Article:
Some thoughts on Andrew Wiggins and his 'plan' to be a one-and-done
Andrew Wiggins having "plans" to enter the 2014 NBA Draft isn't legitimately news. But the "news" story is probably a good thing for the Kansas freshman.
When I sat down with Andrew Wiggins in September on campus at Kansas he told me that he had no way of knowing what the next six months would bring, but that, of course, he hoped he'd be in a position to enter the NBA Draft after one season of college basketball. I told him I figured he would be. He smiled. Then we talked about other things because I just assumed it was understood that this 18-year-old widely regarded as the best amateur prospect in the world planned to be a pro as soon as possible.
Just so you know, that's practically every college player's plan.
It's not a realistic plan for most, obviously.
But it's almost always the plan.
So I didn't think much of it when Wiggins acknowledged to me that such was his plan. But now he's told somebody else that's the plan, and now that plan is now generating headlines. So perhaps I need to adjust my opinion of what qualifies as news, which is why I'd like to report, right here and right now, that Kentucky's Julius Randle, Arizona's Aaron Gordon and every other projected top-10 pick currently enrolled in college has a "plan" to also enter the NBA Draft after this season. Credit CBSSports.com with the scoop, please.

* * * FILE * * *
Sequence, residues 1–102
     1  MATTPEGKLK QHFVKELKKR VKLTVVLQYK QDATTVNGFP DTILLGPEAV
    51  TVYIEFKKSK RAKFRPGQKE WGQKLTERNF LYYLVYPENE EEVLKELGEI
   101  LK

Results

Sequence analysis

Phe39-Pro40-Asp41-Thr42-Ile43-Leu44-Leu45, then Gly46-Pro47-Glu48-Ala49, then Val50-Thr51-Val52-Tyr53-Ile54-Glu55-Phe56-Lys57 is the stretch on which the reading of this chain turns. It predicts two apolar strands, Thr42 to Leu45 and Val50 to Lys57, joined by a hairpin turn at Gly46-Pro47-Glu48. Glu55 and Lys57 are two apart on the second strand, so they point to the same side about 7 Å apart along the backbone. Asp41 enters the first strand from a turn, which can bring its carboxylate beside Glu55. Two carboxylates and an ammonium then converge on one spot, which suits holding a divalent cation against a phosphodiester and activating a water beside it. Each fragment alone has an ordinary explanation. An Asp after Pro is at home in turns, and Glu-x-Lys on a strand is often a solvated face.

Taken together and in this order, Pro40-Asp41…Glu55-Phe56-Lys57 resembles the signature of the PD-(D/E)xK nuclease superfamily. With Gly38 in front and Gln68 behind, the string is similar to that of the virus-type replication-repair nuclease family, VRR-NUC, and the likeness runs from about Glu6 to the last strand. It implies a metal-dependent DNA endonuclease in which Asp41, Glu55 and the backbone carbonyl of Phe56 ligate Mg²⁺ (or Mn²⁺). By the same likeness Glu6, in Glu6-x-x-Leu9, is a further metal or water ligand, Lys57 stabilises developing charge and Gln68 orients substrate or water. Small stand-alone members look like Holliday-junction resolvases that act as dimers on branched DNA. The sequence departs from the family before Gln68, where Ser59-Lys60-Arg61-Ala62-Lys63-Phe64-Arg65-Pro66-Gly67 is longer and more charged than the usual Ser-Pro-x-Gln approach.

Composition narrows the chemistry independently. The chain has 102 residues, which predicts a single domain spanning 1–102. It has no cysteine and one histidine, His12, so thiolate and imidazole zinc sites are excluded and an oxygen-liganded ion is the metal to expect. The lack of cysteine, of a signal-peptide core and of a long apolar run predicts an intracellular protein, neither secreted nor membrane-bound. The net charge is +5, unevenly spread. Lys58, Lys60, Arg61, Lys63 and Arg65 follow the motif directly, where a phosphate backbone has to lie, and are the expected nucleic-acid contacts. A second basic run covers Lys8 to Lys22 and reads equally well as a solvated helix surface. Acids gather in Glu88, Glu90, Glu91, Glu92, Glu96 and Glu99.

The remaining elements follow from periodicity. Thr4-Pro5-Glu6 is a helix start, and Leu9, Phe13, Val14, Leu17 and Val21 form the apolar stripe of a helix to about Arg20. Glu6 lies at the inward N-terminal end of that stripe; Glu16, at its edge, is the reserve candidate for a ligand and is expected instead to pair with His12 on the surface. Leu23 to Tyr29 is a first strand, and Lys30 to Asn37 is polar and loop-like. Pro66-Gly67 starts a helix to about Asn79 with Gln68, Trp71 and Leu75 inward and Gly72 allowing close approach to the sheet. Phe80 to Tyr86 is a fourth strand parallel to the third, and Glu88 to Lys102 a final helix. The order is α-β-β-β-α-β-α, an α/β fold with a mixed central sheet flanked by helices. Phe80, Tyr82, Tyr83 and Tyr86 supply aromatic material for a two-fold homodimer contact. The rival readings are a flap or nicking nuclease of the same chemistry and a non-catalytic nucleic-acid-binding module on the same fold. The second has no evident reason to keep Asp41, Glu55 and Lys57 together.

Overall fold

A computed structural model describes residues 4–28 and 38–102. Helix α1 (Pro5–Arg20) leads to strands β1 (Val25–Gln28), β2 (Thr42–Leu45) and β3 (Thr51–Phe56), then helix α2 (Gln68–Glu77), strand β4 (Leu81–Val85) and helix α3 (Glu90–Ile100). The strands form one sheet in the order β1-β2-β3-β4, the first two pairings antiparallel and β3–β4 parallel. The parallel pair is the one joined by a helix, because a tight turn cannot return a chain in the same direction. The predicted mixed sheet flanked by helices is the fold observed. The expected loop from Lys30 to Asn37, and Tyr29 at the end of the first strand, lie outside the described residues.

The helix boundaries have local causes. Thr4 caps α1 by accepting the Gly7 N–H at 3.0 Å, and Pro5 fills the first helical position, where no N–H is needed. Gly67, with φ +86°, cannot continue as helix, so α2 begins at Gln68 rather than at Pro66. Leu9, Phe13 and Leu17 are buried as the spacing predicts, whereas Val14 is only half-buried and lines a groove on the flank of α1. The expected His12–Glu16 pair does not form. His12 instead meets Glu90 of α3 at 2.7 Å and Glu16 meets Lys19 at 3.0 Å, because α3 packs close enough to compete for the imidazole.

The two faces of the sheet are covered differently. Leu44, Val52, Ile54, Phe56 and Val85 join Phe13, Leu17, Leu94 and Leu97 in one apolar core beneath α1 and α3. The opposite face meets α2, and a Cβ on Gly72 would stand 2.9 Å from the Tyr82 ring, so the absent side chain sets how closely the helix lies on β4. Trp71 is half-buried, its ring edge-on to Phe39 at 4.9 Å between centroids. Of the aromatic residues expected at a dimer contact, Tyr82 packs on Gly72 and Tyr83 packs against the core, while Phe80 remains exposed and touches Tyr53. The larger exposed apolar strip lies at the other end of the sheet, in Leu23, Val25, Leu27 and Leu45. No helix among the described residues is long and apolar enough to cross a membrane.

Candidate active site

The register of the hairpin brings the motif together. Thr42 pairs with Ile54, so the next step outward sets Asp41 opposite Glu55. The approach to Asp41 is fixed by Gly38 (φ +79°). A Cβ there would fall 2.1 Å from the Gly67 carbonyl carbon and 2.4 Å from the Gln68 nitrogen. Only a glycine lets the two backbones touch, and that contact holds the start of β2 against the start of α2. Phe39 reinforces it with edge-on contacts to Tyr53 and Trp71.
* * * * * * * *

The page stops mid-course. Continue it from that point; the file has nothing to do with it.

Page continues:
Seriously, though, this can't be a bad thing for Wiggins.
I'd still argue that his very obvious and long-understood "plan" isn't legitimate news on the Friday before the start of the 2013-14 regular season. But whatever. Because the byproduct is a good thing if it prevents countless reporters from asking Wiggins about the NBA Draft after every single game from now through March. That shouldn't happen now. And though I realize some will suggest that Wiggins having the world realize his plan is to enter the NBA Draft after this season might add some pressure, I'd counter with the reality that there's no way this young man could enter this season with any more pressure than had already been created. So, really, what's the difference?
In fact, I'll take it a step farther.
I'd advise all legitimate top-10 picks who are planning to enter the draft after this season to go ahead and publicly state as much because it just makes the whole process simpler. It eliminates the line of questioning completely and prevents prospects from feeling like they must mislead, though I've never actually understood why some feel the need to mislead because there's nothing wrong with having a desire to become a millionaire as soon as possible. I'm not even sure how anybody could intelligently argue otherwise.
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